Graduate transfers are particularly attractive from a recruiting standpoint because they’re proven students, seasoned performers, and, unlike undergrads, aren’t forced to sit out a year when moving from one school to another.
“To some this feels like the basketball one-and-done,” reports Matt Burgemeister, the ACC’s associate commissioner for compliance and governance. “You come in, use your remaining eligibility and then leave. And others would say, well, they’ve done what we asked them to by completing their bachelor’s degree and so this is an opportunity to pursue the rewards of that athletic eligibility.”
Former N.C. State quarterback Russell Wilson brought early attention to this opportunity/loophole when he went to Wisconsin in 2011 for one season and led the Badgers to the 2012 Rose Bowl. Wilson’s move was accompanied by little discussion of his academic interests, largely because N.C. State coach Tom O’Brien clearly wanted him gone with Mike Glennon waiting in the wings.
Only weeks after Wisconsin appeared in the Rose Bowl, the plight of St. Joseph’s basketball player Todd O’Brien brought less favorable attention to a coach controlling the destiny of a grad transfer.
Under NCAA rules, a player graduating with unexpended eligibility can pursue a waiver to play immediately at another school offering a course of study not available at the institution they’re departing. “That may be where the question of motives can come from,” says Burgemeister, “because there’s a perception that some schools would look down their list of programs and find one not available and (say) that’s what the student would be interested.”
A distrustful St. Joseph’s refused to release Todd O’Brien, a little-used 7-footer, so he could transfer to Alabama-Birmingham. The NCAA backed the Philadelphia school and coach Phil Martelli, once again placing the interests of others ahead of those of a student. O’Brien never played again in college.
“Are there some programs out there that are poaching fifth-year guys?” asks Pollard, in his fourth season at Duke. “Yes. But I fundamentally believe in the stance the NCAA has taken, which is you’ve gotten your degree, you’ve graduated from that university, you’ve honored your commitment to that university, you have the flexibility to go where you want to go.”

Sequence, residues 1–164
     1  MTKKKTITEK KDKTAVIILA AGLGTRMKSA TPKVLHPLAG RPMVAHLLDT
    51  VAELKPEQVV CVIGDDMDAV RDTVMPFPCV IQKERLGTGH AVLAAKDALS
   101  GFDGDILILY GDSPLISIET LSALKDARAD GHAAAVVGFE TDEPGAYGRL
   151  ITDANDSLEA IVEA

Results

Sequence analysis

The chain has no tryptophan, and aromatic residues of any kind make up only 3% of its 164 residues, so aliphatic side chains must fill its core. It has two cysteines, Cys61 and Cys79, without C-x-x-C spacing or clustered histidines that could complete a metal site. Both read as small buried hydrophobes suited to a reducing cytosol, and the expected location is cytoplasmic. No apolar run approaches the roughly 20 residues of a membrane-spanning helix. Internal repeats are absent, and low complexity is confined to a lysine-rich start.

Pollard does suggest a ban on graduates transferring to play within the same league, as happened a few years back when a Duke slugger was convinced his pro chances would improve elsewhere. “I won’t sit here and tell you I loved that,” Pollard says.
Several NCAA committees are studying what else might be done to address concerns related to graduate transfers, including suspicions they’re switching schools for non-academic reasons, says Dr. Carolyn Callahan, a professor of education at the University of Virginia. “If you’re not going to take it seriously, do you have a right to be there?”
Callahan is the ACC representative on one of those NCAA panels, the Committee on Academics. She says legal issues obviate attempts to make grad students sit out a year if they transfer. Callahan does expect a major proposal tying participation to enrollment in a specific graduate program, rather than simply allowing a grad transfer to take classes. Previously that choice was left to schools.
“This is my unscientific survey – I think most graduate transfers are legitimate,” says Callahan. She traces concerns to “the cases of high-profile, extraordinary athletes who aren’t taking advantage of the system as much as coaches are taking advantage of the system.”
Rest assured, the role of coaches in precipitating further restrictions won’t prevent them from complaining the rule book is too thick.